30. Make a list of 10 people in your network. You don't have to start networking with total strangers. Start with 10 people you have known in your career who have already left the military. Ask them whether they will tell you about their transition.
31. Listen for the magic questions. People in your network have three secret ways that they signal they want to help you find a job. Listen for these magic questions so that you can move to the next level.
Begin to Upskill
32. Decide whether you need an MBA. For veterans who already have a four-year degree, an MBA can be the making of you or an epic waste of time. Check out our five best reasons to pursue an MBA.
Max Out Your GI Benefits
36. Learn more about transferring GI Bill benefits to your dependents. You can't do this after you leave military service.
Engage with the TAP Program
37. Brace yourself. Then look at your pre-separation checklist DD-2648. It is five pages long. Be simultaneously overwhelmed and bored out of your mind. Remember that this is not a demand signal. This is a menu of things you can opt in for when you meet with your transition counselor. All the links are live, so you can click on them and decide whether this is something you might be interested in hearing about more.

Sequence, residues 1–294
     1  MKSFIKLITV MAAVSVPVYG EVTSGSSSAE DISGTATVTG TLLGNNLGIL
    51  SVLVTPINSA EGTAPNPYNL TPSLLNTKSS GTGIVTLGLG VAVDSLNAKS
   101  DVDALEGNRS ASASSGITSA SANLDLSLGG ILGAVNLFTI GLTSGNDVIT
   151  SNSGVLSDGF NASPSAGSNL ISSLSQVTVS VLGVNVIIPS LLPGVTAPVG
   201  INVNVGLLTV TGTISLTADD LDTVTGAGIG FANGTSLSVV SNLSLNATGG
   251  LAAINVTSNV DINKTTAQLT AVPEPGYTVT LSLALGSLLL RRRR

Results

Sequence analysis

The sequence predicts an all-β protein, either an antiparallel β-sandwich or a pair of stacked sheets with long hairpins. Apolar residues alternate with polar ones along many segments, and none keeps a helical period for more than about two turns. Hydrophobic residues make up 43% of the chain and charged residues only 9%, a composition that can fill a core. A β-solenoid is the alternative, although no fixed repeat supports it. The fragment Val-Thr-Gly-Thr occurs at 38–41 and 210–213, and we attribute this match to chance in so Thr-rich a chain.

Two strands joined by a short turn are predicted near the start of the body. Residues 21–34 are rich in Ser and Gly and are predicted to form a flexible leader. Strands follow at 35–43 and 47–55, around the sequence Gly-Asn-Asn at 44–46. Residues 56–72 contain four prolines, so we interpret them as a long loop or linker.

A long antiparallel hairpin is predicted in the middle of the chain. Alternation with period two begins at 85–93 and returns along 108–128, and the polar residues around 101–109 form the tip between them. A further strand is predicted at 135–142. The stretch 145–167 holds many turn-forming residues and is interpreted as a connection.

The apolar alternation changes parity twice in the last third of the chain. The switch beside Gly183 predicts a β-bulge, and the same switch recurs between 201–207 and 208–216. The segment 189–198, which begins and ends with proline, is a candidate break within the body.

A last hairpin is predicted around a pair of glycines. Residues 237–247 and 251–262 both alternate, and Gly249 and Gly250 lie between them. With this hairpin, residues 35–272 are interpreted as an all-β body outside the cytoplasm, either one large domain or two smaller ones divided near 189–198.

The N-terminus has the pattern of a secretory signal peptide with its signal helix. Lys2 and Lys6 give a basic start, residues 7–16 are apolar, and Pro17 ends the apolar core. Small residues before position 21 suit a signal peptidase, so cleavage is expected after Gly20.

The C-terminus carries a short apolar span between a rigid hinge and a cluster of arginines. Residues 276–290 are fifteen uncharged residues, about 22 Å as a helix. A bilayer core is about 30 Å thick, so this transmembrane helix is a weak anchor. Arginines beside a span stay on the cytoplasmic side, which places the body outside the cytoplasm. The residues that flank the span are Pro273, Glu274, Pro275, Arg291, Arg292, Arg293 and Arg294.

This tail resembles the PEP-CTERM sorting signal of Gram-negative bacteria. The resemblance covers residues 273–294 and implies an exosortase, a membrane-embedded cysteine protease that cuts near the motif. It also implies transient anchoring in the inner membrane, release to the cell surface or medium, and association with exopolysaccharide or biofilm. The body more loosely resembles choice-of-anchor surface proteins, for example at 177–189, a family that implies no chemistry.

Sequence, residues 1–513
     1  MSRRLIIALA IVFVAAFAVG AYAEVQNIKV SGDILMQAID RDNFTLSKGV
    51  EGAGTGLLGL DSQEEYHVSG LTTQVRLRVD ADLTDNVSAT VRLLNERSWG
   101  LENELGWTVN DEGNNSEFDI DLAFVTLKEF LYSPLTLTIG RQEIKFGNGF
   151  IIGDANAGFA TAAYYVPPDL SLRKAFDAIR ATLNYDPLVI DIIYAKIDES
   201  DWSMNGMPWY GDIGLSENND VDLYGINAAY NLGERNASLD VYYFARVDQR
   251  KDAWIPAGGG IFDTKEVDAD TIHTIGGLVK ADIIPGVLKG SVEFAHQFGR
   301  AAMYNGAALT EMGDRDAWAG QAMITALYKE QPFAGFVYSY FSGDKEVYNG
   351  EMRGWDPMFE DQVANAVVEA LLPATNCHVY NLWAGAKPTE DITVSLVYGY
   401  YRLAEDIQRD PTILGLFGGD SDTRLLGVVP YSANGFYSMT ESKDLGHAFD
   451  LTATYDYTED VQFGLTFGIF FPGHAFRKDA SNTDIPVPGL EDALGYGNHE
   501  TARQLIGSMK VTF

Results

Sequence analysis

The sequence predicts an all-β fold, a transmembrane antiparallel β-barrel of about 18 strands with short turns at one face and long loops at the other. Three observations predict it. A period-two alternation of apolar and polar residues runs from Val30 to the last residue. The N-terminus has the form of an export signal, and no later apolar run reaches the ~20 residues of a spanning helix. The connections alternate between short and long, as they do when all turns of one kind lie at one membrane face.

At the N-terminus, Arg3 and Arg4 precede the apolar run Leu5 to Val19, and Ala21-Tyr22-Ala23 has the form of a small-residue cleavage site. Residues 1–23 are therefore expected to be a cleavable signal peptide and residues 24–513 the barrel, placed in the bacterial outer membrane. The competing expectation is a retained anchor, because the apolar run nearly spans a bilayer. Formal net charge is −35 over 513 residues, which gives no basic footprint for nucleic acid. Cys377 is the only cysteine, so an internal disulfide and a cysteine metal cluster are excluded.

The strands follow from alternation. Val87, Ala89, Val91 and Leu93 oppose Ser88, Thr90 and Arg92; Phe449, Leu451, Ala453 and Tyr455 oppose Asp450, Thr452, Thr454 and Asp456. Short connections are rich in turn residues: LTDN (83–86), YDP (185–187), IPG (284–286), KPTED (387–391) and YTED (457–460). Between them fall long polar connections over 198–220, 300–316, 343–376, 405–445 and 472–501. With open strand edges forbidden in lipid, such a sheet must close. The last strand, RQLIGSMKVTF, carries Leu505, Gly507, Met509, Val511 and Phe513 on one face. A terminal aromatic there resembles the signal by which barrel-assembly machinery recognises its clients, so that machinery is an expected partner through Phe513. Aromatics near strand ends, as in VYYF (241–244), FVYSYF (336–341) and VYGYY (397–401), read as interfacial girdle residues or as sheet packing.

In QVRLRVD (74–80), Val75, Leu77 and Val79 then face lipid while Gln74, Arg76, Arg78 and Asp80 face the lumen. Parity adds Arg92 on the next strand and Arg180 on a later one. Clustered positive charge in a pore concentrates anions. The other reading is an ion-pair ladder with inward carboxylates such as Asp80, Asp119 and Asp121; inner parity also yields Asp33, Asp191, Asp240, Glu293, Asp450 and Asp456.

38. Make an appointment with your local transition counselor. The great thing about the local counselors is that they are local. They go to all meetings and the job fairs. Employers and veterans service organizations pitch them all the time. If you plan to stay in the area, these guys usually know a ton about local opportunities.
39. Sign up for the TAP workshop online. If you do well working at your own pace, if you have consistent internet access where you are stationed, and you will honestly do all the work on your own, this could be the way to go. Git 'er done.